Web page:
Yesterday, I posted a review of a now “classic” think-like-a-programmer book; Andy Hunt and Dave Thomas’ “The Pragmatic Programmer“. I commented that it was interesting to see this book from the perspective of 13 years later and what was still being practiced actively and where we may have moved on, as well as the suggestions they made to be effective and, yes, pragmatic programmers.

To book end this experience, I wanted to look at another title that was in a similar vein, but much more recent, as in this title was released just a few months ago. This book, V. Anton Spraul’s “Think Like a Programmer“, covers much of the same ground as “The Pragmatic Programmer”, but does so with a much narrower scope. While “The Pragmatic Programmer” looked to focus on many different aspects of being effective, “Think Like a Programmer” puts the bulk of its energy on one issue; problem solving and the tools necessary to approach problems and develop solutions. The goal of this book is to help answer that age old challenge… I understand the syntax, I can read code, I can modify code, I can work with other people’s code and understand what it’s doing, but when I sit down in front of a blank editor, I’m lost!

“Think Like a Programmer” takes the reader down a number of paths to help explain some of programmings more challenging aspects and do so with generally basic coding structures. The entire book’s examples are in C++, so there is a unity to the problems being presented. While the examples are in C++, all but a few of the problems could be ported to other languages like Java, Ruby, Python, etc.. The chapter on pointers might be the sole exception, and the chapter on classes comes from the perspective of a language that can be used with both procedural and object-oriented approaches.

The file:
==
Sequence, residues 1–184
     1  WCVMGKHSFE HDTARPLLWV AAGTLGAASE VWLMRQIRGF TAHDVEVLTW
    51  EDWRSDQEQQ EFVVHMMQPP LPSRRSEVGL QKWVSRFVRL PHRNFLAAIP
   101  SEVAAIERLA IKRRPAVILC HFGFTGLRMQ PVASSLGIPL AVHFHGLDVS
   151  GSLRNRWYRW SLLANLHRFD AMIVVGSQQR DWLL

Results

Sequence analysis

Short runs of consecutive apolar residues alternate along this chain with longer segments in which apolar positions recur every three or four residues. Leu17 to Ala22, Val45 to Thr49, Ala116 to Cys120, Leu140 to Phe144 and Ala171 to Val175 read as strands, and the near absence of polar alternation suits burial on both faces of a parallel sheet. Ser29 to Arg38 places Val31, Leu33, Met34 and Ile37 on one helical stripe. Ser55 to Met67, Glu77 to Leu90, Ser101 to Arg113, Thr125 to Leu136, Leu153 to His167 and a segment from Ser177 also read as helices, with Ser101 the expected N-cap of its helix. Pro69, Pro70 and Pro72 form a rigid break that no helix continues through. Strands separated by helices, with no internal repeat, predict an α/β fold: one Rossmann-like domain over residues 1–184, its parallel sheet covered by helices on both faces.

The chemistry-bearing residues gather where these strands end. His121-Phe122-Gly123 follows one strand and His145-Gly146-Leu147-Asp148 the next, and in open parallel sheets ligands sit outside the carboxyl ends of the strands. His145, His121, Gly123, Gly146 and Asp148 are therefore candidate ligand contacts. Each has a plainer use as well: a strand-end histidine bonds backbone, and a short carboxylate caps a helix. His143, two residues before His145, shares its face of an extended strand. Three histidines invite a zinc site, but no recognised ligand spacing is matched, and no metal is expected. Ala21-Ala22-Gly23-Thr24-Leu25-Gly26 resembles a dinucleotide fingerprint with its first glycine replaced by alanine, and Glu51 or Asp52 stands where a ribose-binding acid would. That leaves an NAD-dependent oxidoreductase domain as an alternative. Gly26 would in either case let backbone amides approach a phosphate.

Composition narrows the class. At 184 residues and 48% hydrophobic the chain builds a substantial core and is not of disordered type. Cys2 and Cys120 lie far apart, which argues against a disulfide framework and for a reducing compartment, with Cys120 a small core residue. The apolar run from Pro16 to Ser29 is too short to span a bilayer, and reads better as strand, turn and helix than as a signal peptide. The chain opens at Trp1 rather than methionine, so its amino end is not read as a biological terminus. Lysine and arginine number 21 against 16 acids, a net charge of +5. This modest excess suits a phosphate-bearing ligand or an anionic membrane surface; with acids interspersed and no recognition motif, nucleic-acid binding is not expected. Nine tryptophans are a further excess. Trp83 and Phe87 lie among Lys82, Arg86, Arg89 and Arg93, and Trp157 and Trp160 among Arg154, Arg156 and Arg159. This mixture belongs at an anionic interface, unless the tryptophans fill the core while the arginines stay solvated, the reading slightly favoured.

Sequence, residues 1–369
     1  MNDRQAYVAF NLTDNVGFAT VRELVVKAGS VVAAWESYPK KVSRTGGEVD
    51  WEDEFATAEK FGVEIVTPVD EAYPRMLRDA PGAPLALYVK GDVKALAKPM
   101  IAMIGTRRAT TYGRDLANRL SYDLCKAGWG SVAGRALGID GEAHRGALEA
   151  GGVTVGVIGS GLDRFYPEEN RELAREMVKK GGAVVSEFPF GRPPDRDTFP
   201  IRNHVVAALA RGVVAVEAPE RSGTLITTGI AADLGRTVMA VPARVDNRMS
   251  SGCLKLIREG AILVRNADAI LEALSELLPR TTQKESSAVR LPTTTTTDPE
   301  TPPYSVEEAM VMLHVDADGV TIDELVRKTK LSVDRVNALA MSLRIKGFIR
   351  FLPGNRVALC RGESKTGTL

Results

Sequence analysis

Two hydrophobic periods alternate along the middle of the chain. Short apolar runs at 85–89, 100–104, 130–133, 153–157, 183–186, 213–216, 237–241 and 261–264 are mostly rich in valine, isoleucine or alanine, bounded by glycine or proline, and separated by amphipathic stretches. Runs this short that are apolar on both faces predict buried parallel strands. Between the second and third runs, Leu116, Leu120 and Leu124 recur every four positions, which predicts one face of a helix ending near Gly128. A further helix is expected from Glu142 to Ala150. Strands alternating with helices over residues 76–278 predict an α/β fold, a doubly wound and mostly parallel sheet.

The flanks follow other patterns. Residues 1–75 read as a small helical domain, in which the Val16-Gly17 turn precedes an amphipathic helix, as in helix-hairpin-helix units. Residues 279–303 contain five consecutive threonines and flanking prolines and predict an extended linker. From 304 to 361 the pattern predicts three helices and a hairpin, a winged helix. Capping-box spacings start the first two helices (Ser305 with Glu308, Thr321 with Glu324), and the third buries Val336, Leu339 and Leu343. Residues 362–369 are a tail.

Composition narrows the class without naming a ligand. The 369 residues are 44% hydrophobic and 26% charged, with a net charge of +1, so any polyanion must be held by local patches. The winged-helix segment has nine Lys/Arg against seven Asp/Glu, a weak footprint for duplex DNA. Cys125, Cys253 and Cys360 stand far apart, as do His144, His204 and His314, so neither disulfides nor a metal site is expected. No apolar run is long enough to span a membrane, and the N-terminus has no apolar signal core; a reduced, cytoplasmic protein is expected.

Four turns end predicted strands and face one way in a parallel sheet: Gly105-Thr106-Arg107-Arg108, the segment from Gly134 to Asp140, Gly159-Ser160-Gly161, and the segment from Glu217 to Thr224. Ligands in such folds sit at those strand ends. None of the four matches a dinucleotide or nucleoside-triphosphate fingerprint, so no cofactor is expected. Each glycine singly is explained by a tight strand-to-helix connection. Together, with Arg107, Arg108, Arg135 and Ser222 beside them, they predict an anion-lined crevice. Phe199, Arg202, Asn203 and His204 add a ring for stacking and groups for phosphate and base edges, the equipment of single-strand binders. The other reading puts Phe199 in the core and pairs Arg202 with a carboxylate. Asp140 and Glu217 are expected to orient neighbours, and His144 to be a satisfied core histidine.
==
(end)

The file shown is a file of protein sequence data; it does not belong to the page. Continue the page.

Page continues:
I am not a programmer by trade. I did enough C++ programming in college to recognize the structures and the methods used for the solutions, so there was nothing in the code itself that was terribly frightening or all that advanced. Beginners, or those who have never seen any C++ code, may feel a little lost in spots, but Anton takes the time to explain every line. The goal of the book is not to focus specifically on coding syntax, but on the problem solving domain. Getting good and usable code, that’s a definite bonus, and he makes the case for doing all of the things that Andy and Dave talk about in “Practical Programmer”.

The problems all use standard elements of the C++ programming language. Arrays, pointer, classes and recursion all get a chapter dedicated to their own issues. Problems are presented and a detailed breakdown as to how to go about solving them is shown. Each chapter has a variety of exercises to work through.

The last chapter focuses on allowing the programmer to devise their own game plan to solve problems, and each game plan  will be unique to that particular programmer. Strengths and weaknesses are rarely the same, so making a “best practices” list for everyone would be pointless. Instead, Anton works the reader through methods and aspects that can help them create their own unique problem solving methodology, using all the tips and techniques practiced in the book, and leveraging their own individual strength, weaknesses, and areas of focus and interest. One thing to be aware of… there are no answers to the exercises provided. That’s by design. the point to the exercises is to see what you would come up with, and help break the cycle of “blank page, I’m lost!”

Bottom Line:

Seasoned developers may find this a bit basic for their tastes. Rank beginners might find the examples intimidating. Those in between, even those who are not C++ programmers, will likely learn a good deal and help de-mystify a few areas by working through the examples and problems. As a tester, rather than a programmer, I think that these titles are helpful to look at the issues that programmers face, as well as the issues and methods used to solve problems. Since we have to test those solutions, understanding how programmers get there and the tools they use to get there is helpful. “Think Like a Programmer” is a solid step in helping both programmers and testers look at these situations in interesting ways.